After a day of senatorial stubbornness and political tussling, the Senate now seems willing to vote on a bill that would extend the Section 179 tax deduction through Dec. 31 of this year and expand it to $500,000.
The U.S. House of Representatives on Wednesday voted 378-46 to approve a $42 million package of tax breaks, including Section 179, which was allowed to lapse in 2013.
Their approval sent the bill to the U.S. Senate, who must also pass the measure before it can be signed into law by the President.
But late Thursday, the Senate appeared to balk, suggesting that they might just run out of time, according to The Hill in a story quoting Senate Majority Leader Harry Reid (D-Nev.).
Majority Leader Harry Reid (D-Nev.) said Thursday night that the Senate might not be able to pass the House tax extenders bill before the end of the year.
Reid said it was "imperative" for the Senate to pass a government funding bill and a defense spending measure before adjourning for the year but that senators would have to wait and see if a tax deal makes it to the floor.
"Everyone knows we have to do a spending bill. Everyone knows we have to do a defense bill," Reid said on the Senate floor. "Everyone knows that we’re trying to do some tax extenders. We’re trying to do that, but we’ll see."
Some senators have also said publicly that they would prefer extending the tax breaks for a longer period of time, such as two years, or even make the breaks permanent.
By Friday, however, the Senate seemed more accommodating, as Senate Finance Committee Chairman Ron Wyden (D-Oregon) predicted the Senate would vote on the bill next week.
If passed by the Senate, the bill is expected to be signed by President Obama shortly thereafter.
While progress on extending Section 179 is good news for farmers hoping for a last-minute tax break and machinery companies hoping for a late sales windfall, the uncertainty of the situation continues to be frustrating for farmers and others in agriculture.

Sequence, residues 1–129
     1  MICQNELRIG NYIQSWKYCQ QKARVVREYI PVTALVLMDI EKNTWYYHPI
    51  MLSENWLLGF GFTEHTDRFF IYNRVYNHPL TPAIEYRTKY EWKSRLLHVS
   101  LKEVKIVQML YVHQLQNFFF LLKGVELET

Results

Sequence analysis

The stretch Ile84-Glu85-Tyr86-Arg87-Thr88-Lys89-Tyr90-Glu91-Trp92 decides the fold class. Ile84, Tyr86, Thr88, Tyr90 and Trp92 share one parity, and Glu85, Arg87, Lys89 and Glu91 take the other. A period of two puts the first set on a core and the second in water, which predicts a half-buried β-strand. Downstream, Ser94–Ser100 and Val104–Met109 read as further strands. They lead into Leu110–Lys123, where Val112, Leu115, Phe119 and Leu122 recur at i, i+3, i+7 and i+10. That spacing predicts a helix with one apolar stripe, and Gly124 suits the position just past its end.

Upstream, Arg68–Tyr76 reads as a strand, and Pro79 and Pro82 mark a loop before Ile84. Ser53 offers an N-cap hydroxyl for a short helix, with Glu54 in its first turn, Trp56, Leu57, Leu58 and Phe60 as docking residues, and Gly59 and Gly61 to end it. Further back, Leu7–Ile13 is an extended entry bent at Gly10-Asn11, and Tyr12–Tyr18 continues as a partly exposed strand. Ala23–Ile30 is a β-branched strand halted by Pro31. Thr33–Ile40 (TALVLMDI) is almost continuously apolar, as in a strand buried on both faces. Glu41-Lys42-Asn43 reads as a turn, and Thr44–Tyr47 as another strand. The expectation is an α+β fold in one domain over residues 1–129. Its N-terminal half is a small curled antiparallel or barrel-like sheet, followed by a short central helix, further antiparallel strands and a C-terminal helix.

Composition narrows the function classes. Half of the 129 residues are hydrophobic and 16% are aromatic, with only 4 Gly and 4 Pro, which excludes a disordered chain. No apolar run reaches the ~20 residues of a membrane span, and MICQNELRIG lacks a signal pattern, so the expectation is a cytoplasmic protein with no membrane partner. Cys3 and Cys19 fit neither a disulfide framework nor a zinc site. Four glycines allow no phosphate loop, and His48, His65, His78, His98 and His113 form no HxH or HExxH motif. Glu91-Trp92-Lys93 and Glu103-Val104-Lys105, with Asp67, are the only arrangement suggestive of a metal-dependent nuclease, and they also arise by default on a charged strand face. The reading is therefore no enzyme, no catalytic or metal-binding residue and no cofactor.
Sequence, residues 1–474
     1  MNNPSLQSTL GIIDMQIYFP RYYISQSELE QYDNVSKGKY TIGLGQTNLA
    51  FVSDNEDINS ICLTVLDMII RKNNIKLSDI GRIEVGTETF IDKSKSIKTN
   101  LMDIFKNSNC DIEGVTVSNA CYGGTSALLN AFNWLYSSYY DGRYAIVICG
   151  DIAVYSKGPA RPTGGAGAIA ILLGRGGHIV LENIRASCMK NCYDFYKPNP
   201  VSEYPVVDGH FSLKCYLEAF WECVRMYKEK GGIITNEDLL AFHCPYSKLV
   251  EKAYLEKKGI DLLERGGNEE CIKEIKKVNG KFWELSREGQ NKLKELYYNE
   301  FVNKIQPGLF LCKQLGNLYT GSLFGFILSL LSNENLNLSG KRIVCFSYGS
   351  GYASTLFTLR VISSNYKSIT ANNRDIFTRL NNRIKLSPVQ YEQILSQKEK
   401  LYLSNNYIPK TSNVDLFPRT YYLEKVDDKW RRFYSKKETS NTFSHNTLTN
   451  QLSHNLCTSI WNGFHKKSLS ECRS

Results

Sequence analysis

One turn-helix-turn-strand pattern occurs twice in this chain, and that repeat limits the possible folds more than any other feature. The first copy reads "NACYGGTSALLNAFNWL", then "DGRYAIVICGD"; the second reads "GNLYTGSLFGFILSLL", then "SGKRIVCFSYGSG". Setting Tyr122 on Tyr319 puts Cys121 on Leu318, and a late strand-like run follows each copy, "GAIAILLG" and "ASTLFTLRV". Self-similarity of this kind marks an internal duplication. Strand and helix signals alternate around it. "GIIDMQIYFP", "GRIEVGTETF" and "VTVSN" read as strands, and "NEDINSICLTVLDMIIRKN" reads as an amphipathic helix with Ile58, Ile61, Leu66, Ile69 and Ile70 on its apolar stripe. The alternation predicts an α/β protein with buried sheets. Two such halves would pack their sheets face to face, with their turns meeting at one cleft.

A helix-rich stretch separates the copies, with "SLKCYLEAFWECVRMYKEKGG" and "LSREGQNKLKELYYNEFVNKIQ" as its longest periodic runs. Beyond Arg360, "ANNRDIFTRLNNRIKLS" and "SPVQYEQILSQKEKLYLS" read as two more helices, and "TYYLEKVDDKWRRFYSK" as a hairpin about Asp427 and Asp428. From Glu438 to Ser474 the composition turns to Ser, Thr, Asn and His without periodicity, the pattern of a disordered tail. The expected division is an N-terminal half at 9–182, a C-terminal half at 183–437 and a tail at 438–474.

“When [Congress] dilly-dallies and they kick the can down the road, how do you make intelligent business decisions,” says farm machinery expert Greg Peterson, who is based in Minnesota. He is scheduled to speak about Section 179 with Farm Journal’s tax expert Paul Neiffer on AgriTalk at 10:30 a.m. CST on Monday. (The show can also be heard live online at www.agweb.com/agritalk/.)
In Peterson's work as Machinery Pete, he has seen how implement dealers and auction houses have pushed more and more sales events to late in the year, with the expectation of getting higher prices from farmers looking for a Section 179 tax deduction. These delays on Capitol Hill, not surprisingly, are making them very nervous. “I got a text Wednesday morning from an auctioneer asking what I had heard on Section 179,” says Peterson. “He knows they are exposed.”
Some machinery companies are trying to address the uncertainty of the tax situation with special deals. Summers this week said that it would give farmers who buy equipment a voucher for factory credit of up to 15 percent of the machinery’s list price if Congress fails to boost the Section 179 limits to at least $100,000 in 2014.
“We think American farmers have earned a break on year-end equipment purchases, even if Washington hasn’t made up its mind about Section 179,” said Brian Perkuhn, vice president of sales for Summers. “Now, customers can be more confident in buying equipment this year, knowing that they’ll be receiving some type of credit for the investment.”
How important is the Section 179 deduction to you? Leave your comments on the Section 179 thread on the AgWeb discussion boards.